It’ll All Work Out

JMJ

The Readings for the Feast of the Nativity of the Blessed Virgin
23rd Thursday, Tempus per Annum (C2)

We know that all things work for good for those who love God, who are called according to his purpose.

Romans 8:28 (NABRE)

THERE ARE THREE people in the Western Christian Tradition whose birth is commemorated: John the Baptist, Mary, and Jesus. In the Eastern or Byzantine tradition, all three also have their conceptions on the Church calendar (in the West the Conception of the Baptist – on 23 September – is not commemorated). If you look at the stories told about these three births and conceptions, you realize God plans in the long range. Generations go by, millennia, before even a small part of a plan comes to fruition and, even then, it can take further millennia before the full scope is realized.

The fullest realization of God’s plan has not yet unfolded. Yet it has, already, done so: “Already/Not Yet” is a thing for us. That unfolding is completed and in Messiah.

Back in February I wrote of the passing of a friend, a Seminary Professor in Biblical Languages. When I first met her, she drew a diagram on a chalkboard.

That weekend she spoke about something that has stuck with me all this time. For me, the meaning has changed, evolving now into something that’s more orthodox and Catholic, but it began there with Minka drawing a chart on the wall. I remember it still. Beginning on the left with “Genesis” and across from left to right a list of a bunch of other books to “Revelation” she pointed out that we think of Biblical history like this. But, in fact, different books were written at different times and not always in chronological order. Here she moved the Gospels to after the Epistles to underscore that Paul was writing first…

Then she drew a horizontal line across the board and bisected the line with a Cross and she wrote, “If anyone is in Christ they are a New Creation”. And, without ever mentioning Patristics or what I’ve come to understand as “recapitulation,” she explained how Christ was the beginning of something new.

That chart still describes my understanding of the Bible and of all history. Last weekend (Saturday 3 September 2022), nearly 40 years later, the same chart was drawn on a board by another professor, this time a Dominican Friar teaching Homiletics. All of history leads up to the Cross and all of history points back to the cross. All of time, BC and AD, is nothing but the shockwave of the incarnation echoing through time and space, giving a cruciform pattern to all of creation.

This is what we mean when we say that the Christ is the fulfillment of the Law and the Prophets. Not that minute details of his life were predicted and he. made them true, like someone living out the predictions of an old gypsy woman in an episode of Archer. Rather we mean that at its deepest enfolding all of history comes to a point at the Cross. The deepest meaning in anything in the Torah, the Prophets, or the Writings, the Gospels, the Epistles, or the Apocalypse; the fullest understanding of anything God ever said to his people before or after the Time of Jesus, is found in Jesus. This is why his name means wholeness: all things find their fulfillment, their fullness, their wholeness in him.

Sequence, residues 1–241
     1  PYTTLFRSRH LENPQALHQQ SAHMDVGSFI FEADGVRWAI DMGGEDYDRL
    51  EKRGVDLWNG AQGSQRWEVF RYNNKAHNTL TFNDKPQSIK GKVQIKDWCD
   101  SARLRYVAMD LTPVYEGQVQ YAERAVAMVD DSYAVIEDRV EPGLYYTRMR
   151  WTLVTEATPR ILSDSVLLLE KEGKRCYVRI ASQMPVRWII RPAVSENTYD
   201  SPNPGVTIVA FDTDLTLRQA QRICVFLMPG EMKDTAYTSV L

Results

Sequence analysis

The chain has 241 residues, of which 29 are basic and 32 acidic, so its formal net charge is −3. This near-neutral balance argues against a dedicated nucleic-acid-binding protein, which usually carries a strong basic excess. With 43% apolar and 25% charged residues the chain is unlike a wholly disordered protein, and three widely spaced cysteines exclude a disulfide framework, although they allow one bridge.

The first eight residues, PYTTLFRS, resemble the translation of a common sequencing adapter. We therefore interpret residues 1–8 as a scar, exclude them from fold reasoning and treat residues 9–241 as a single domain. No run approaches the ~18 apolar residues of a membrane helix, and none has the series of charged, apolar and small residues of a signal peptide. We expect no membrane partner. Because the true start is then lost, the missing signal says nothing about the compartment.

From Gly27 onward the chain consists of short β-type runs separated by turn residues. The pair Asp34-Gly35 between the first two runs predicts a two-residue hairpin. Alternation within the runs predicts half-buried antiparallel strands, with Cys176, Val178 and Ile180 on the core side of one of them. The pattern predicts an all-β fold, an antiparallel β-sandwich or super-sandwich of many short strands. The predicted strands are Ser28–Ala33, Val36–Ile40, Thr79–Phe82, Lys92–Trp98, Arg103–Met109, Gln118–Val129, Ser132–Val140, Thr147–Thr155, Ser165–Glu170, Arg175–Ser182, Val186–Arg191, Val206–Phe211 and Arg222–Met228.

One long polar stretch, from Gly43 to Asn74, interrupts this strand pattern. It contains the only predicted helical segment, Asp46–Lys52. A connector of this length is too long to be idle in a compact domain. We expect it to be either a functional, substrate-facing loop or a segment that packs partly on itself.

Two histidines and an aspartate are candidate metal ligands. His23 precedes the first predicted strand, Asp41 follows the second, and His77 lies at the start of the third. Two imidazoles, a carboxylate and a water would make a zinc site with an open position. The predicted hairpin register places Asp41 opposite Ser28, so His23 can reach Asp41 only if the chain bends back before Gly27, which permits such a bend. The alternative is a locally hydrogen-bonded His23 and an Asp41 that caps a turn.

This is what we mean when we say all things work for the good of those who love the Lord. The Only Good is salvation in Jesus and all things point to Jesus. All things point to Salvation, all things (if we but let them, even those seemingly the most horrendous) move us to the Only Good that is: Jesus.

Today is the Birthday of the Mother of God. Here is what St Andrew of Crete says (as read in today’s office of readings):

The fulfillment of the law is Christ himself, who does not so much lead us away from the letter as lift us up to its spirit. For the law’s consummation was this, that the very lawgiver accomplished his work and changed letter into spirit, summing everything up in himself and, though subject to the law, living by grace. He subordinated the law, yet harmoniously united grace with it, not confusing the distinctive characteristics of the one with the other, but effecting the transition in a way most fitting for God. He changed whatever was burdensome, servile and oppressive to what is light and liberating, so that we should be enslaved no longer under the elemental spirits of the world, as the Apostle says, nor held fast as bondservants under the letter of the law.

This is the highest, all-embracing benefit that Christ has bestowed on us. This is the revelation of the mystery, this is the emptying out of the divine nature, the union of God and man, and the deification of the manhood that was assumed. This radiant and manifest coming of God to men most certainly needed a joyful prelude to introduce the great gift of salvation to us. The present festival, the birth of the Mother of God, is the prelude, while the final act is the fore-ordained union of the Word with flesh. Today the Virgin is born, tended and formed and prepared for her role as Mother of God, who is the universal King of the ages.